Trapping has been a part of Alberta's heritage for over a century. People across the province are invloved in trapping as licenced, registered or resident trappers and harvest over $2 million in fur each year. All trappers in Alberta must meet mandatory requirements to obtain a licence including either having passed a test which deals with humane trapping and fur management, or have completed a Trapper Education course.

A Code for Responsible Trapping
During trapping operations, trappers should:
  • show compassion for the animals they capture;
  • develope skills so that furs are properly prepared for market;
  • record all trap-set locations and captures of fur bearers;
  • carefully select trap-set locations and capture of non-target species;
  • report the presence of diseased animals to a Fish and Wildlife Division district office; and
  • know and practice proper killing and releasing methods.

Trappers should be prepared to release non-target animals that are not seriously injured. Carefully assess the risk factors involved in releasing an animal or bird to ensure personal safety and the welfare of the animal or bird.

Methods of releasing animals include:

Using a forked stick

  • position the stick around the animal's neck and apply only enough pressure to immobilize the animal.
  • the capture device can then be released from the animal.

Using a snare pole

  • the noose of the snare pole is slipped over the animal's jaws or neck and tightened to immobilize the animal.
  • the capture device can then be released from the animal.

Using a tarp, coat or blanket

  • This method is especially useful for releasing small animals or birds, particularly Birds of Prey.
  • The material should be large and strong enough only to immobilize the animal or bird without harm.
  • Once immobilized, the animal or bird can be released from the capture device.
Trappers who accidentally capture any wildlife that are not furbearing animals are reminded to report the incident as soon as practical to the nearest Fish and Wildlife District Office. Accidental capture of Birds of Prey, i.e. Eagles, or Endangered Species such as Swift Fox that cannot be readily released due to injury should be delivered to the nearest Fish and Wildlife District Office or a qualified veterinarian for care.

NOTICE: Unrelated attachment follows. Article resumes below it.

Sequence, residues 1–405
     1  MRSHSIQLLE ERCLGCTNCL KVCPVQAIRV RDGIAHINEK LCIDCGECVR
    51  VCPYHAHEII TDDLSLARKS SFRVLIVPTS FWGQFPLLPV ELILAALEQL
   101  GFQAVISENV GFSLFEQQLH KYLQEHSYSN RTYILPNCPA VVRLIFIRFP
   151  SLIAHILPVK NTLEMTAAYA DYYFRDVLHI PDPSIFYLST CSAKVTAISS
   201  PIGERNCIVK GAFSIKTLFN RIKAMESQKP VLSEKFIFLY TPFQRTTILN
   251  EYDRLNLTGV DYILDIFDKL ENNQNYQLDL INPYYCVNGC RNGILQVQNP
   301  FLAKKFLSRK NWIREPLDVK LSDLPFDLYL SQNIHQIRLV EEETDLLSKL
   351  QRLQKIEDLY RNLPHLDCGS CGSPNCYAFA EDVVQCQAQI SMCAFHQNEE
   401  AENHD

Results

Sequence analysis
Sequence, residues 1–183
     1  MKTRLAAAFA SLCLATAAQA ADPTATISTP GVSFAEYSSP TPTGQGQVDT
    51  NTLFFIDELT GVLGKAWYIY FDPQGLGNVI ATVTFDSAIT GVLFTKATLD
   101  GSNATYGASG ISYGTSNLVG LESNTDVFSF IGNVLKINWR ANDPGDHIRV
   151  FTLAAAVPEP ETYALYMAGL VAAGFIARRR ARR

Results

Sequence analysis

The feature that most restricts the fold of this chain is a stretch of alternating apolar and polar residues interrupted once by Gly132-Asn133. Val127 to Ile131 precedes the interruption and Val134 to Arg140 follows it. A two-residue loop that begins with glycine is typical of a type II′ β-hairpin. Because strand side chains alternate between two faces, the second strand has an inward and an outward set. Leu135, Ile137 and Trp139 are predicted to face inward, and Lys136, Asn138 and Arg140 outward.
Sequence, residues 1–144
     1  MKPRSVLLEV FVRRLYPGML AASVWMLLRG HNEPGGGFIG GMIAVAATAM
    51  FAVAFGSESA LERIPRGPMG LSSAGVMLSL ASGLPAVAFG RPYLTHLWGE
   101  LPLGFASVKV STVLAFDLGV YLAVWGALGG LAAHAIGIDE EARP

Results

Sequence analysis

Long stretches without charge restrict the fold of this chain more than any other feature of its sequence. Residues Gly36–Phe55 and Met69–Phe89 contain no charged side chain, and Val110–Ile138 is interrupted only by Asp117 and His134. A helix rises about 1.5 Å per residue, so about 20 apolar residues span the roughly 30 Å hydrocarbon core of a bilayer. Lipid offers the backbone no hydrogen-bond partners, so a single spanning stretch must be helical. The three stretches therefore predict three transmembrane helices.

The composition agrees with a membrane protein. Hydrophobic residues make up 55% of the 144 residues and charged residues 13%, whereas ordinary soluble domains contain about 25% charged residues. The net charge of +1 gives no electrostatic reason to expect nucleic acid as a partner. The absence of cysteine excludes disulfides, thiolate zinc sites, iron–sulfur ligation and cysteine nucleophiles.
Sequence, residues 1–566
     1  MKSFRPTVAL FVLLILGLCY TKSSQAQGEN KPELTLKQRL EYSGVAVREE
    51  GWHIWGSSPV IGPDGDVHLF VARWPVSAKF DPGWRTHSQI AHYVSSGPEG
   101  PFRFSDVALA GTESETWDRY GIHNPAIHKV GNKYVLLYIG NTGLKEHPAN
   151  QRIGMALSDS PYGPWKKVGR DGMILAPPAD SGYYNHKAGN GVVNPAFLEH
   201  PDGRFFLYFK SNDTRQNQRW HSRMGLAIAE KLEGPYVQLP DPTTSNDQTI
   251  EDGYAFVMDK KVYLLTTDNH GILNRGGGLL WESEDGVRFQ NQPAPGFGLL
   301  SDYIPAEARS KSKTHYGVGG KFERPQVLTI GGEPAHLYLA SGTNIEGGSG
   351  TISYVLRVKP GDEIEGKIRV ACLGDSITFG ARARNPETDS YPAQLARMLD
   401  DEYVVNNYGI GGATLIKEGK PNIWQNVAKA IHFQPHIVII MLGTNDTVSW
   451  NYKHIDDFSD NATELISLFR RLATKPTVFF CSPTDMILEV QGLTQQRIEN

Nearly half of the forest fires in Alberta are caused by people. Nobody means to start a forest fire and most never know the blaze was a result of their carelessness. Campfires built in a poor location, left unattended or not completely extinguished can cause forest fires. Even when there is water nearby or snow on the ground!

Make sure your fire is out and if you see smoke or fire in a forested area, call the hot line:

310-FIRE - Call Collect, Call Immediately!

Home Changes and Definitions General Regulations Licensing and Costs Quotas and Fur Seasons Fur-bearer Management Additional Information WMU & Map Descriptions Fish and Wildlife Offices

Copyright in Provincial Statutes and Regulations, whether in print or electronic format, belongs to the Province of Alberta.
No person may reproduce copies of Alberta Statutes and Regulations for any purpose without the prior consent of the King’s Printer for Alberta.

The contents of this website are provided free-of-charge to all trappers in Alberta. With the exception of short quotations for review purposes, no portion of this document may be reproduced without written permission from Alberta Forestry and Parks or Sports Scene Publications Incorporated.